Good governance is about as sexy a topic as a high-fiber diet, eight daily glasses of water, and regular exercise.
But, just as those three things are important to your physical well-being, responsible administration is crucial to the health of the body politic. It help keeps state finances regular.
Last week saw an excellent in-depth article in the pages of this paper exploring Maine’s “cash pool.” While the intricacies of state finance aren’t the most titillating subject, having the Maine bank account in the black saves all of us money. If it goes red, the state treasurer has to borrow funds — with interest — to make sure the checks don’t bounce.
From 2008 through 2015, Maine taxpayers weren’t so lucky. The General Fund kept spending dollars that hadn’t yet been collected. So we kept borrowing for short periods of time, paying interest. Of course, we also found “interest-free” financing — not paying Maine hospitals the bill run up by government programs, for instance. Not particularly responsible.
Yet, like an aircraft carrier, Maine’s finances have finally turned around; it just took time. We aren’t reading headlines about the need for tens of millions in emergency funding to carry our safety-net programs to June 30, the end of the fiscal year. Instead, we can make policy free from crisis.
That’s important. Every two years in Augusta, the largest policy document enacted by the Legislature is the state’s biennial budget. For over a decade, it jumped from shortfall to shortfall, with the “structural gap” — the amount required to be spent under existing law versus the amount forecast to be collected from taxpayers — in the hundreds of millions of dollars. Gov. John Baldacci’s tenure was in near-perpetual budgetary crisis, in large part due to the $1 billion structural gap he inherited from his predecessor, Angus King.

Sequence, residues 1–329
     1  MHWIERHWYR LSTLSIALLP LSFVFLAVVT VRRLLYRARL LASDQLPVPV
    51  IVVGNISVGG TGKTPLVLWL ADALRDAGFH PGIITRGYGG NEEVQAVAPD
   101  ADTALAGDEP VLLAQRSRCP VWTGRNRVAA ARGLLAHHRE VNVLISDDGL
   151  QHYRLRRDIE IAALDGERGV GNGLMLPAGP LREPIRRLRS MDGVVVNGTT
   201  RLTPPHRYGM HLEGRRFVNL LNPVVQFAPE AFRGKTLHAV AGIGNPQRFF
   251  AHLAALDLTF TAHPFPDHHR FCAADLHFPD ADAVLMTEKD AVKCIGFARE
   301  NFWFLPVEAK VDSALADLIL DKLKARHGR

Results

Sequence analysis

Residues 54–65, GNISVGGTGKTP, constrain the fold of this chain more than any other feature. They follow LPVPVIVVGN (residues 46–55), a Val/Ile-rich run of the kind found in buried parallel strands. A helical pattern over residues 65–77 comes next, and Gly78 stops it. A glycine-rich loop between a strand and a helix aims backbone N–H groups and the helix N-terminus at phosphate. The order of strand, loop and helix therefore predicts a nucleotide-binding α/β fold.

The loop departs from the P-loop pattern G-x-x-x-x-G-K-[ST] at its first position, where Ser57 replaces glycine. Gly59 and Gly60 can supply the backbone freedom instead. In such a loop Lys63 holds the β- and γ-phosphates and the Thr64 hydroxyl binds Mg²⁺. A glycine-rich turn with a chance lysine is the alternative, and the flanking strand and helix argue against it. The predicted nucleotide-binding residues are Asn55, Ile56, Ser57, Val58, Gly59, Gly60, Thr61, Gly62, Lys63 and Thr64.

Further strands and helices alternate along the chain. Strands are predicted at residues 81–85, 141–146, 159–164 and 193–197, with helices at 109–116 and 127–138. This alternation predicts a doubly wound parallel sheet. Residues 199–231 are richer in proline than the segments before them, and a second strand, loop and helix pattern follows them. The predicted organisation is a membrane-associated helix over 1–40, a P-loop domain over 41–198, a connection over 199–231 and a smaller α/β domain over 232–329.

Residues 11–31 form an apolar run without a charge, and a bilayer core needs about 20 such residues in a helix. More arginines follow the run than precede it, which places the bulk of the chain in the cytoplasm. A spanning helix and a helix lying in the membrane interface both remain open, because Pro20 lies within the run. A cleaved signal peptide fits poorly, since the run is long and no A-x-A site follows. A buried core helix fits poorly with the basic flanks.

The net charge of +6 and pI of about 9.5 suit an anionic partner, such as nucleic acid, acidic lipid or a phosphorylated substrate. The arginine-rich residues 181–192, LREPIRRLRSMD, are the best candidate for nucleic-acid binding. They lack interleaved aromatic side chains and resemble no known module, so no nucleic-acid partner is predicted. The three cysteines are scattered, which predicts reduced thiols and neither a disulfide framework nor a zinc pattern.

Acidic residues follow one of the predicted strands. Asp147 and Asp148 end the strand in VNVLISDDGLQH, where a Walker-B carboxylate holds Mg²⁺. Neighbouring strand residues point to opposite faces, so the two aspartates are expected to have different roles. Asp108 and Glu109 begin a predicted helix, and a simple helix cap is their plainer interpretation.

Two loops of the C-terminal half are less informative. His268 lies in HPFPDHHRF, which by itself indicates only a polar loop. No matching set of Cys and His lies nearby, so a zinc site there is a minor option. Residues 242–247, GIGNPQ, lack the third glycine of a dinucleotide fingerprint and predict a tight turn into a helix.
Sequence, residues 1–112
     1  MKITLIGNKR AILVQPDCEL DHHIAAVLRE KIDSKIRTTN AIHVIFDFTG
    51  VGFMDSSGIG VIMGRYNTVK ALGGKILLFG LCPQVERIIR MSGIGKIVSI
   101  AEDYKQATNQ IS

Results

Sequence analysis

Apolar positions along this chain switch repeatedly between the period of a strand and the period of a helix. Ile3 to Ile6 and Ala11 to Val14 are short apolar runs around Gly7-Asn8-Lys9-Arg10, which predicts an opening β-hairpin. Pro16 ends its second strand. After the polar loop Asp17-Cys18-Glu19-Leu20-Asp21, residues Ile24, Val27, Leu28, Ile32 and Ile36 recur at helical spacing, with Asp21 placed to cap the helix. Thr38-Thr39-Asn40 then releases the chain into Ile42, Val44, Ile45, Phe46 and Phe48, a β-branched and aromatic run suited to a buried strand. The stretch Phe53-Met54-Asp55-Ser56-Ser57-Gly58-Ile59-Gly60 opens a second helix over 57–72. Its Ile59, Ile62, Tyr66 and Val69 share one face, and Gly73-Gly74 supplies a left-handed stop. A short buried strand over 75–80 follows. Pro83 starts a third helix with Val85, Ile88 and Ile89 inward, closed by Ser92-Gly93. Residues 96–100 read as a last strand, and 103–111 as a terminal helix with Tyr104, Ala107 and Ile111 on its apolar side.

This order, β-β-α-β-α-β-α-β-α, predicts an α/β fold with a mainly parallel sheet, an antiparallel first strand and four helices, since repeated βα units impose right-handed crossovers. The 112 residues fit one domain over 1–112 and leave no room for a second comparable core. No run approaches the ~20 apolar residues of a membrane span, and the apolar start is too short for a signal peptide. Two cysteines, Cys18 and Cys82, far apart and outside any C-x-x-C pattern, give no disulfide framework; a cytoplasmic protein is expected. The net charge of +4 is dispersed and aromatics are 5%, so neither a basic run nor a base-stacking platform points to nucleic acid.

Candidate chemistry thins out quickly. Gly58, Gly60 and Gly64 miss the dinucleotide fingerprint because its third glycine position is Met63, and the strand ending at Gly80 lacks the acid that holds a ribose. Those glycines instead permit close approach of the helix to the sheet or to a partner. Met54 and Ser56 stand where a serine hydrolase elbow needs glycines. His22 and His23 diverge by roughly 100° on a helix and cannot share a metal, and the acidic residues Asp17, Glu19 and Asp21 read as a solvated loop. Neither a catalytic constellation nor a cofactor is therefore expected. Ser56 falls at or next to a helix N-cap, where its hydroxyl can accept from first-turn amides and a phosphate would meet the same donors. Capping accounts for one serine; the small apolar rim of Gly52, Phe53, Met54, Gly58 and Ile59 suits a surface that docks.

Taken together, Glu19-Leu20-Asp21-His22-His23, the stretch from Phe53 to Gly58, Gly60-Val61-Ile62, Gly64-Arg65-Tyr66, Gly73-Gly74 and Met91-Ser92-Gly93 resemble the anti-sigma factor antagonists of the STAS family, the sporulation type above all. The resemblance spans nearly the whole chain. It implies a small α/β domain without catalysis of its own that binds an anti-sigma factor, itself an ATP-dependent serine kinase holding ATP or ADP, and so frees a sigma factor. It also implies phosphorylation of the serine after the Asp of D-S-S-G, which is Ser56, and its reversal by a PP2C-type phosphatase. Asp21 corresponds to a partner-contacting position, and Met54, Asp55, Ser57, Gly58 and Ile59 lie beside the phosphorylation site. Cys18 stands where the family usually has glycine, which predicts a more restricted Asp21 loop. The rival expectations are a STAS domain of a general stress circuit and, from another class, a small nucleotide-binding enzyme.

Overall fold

As we continue through the final two years of the LePage administration, there is an opportunity to take a longer-term view with the budget. That’s good; there are many large questions facing our state, the answers to which will likely chart the course of Maine’s future.
There will be a significant debate about what our tax code should look like. Question 2 and its tax increase — giving us the second highest marginal rate in the nation, behind only California — is likely to come under question. It eked out passage in November by approximately 9,500 votes; it won in Portland by over 11,000. Not exactly a resounding statewide mandate.
The other half of Question 2 — school funding — is likely to be a subject of debate as well. LePage proposes spending all state funds directly in the classroom, giving municipalities responsibility for administration. The administration proposes innovation grants to encourage, rather than mandate, collaborative regional solutions. Without a pending crisis in benefit programs, we can explore these reforms and resource them.
Of course, there will also be debates around our safety-net programs. Charges are already being levied that the changes previously made to public benefits went too far. The Department of Health and Human Services proposes refocusing more dollars on elderly and disabled Mainers, further reducing eligibility for those able-bodied adults without children. Regardless of your position on those issues, we now have a chance to make clear-headed decisions; we aren’t looking for $70 million to bail out already-promised cost overruns.
And as we try to find the appropriate places to spend tax dollars, other programs can be looked at on their merits, rather than as a source of easy money to solve an immediate problem. With a new governor taking office in 2019, the rumors of potential candidates have begun to swirl and the potential field is large. If everyone rumored jumps into their respective primary battles, we could have 15 candidates on the ballot next June. Under the so-called Clean Election Act, they would each be eligible for up to $1 million in their primary race. Are political campaigns the best use for $15 million from the public treasury? We don’t have a massive hole to fill, so we can decide that on its own merits.
State finances are boring, but they impact policy every step of the way. And regardless of what you might think about the governor or his policies, he has led Maine to a position where we can have those debates free from a budgetary Sword of Damocles.
So the reward for good governance? Knock-down, drag-out fights over ideas instead of dollars. In politics today, we’ll call that progress.